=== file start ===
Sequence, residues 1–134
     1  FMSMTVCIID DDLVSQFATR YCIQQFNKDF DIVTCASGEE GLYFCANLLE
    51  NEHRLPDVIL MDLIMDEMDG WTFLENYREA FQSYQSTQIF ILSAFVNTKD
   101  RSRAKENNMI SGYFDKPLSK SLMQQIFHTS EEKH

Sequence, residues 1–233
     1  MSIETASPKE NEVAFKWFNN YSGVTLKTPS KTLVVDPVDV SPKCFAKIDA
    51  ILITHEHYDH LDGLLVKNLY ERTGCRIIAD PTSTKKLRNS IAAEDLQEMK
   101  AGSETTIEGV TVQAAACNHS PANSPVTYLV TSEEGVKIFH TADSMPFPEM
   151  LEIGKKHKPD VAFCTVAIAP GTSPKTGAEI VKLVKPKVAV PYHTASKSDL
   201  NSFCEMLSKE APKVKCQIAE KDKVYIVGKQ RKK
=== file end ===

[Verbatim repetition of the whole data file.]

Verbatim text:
Sequence, residues 1–134
     1  FMSMTVCIID DDLVSQFATR YCIQQFNKDF DIVTCASGEE GLYFCANLLE
    51  NEHRLPDVIL MDLIMDEMDG WTFLENYREA FQSYQSTQIF ILSAFVNTKD
   101  RSRAKENNMI SGYFDKPLSK SLMQQIFHTS EEKH

Sequence, residues 1–233
     1  MSIETASPKE NEVAFKWFNN YSGVTLKTPS KTLVVDPVDV SPKCFAKIDA
    51  ILITHEHYDH LDGLLVKNLY ERTGCRIIAD PTSTKKLRNS IAAEDLQEMK
   101  AGSETTIEGV TVQAAACNHS PANSPVTYLV TSEEGVKIFH TADSMPFPEM
   151  LEIGKKHKPD VAFCTVAIAP GTSPKTGAEI VKLVKPKVAV PYHTASKSDL
   201  NSFCEMLSKE APKVKCQIAE KDKVYIVGKQ RKK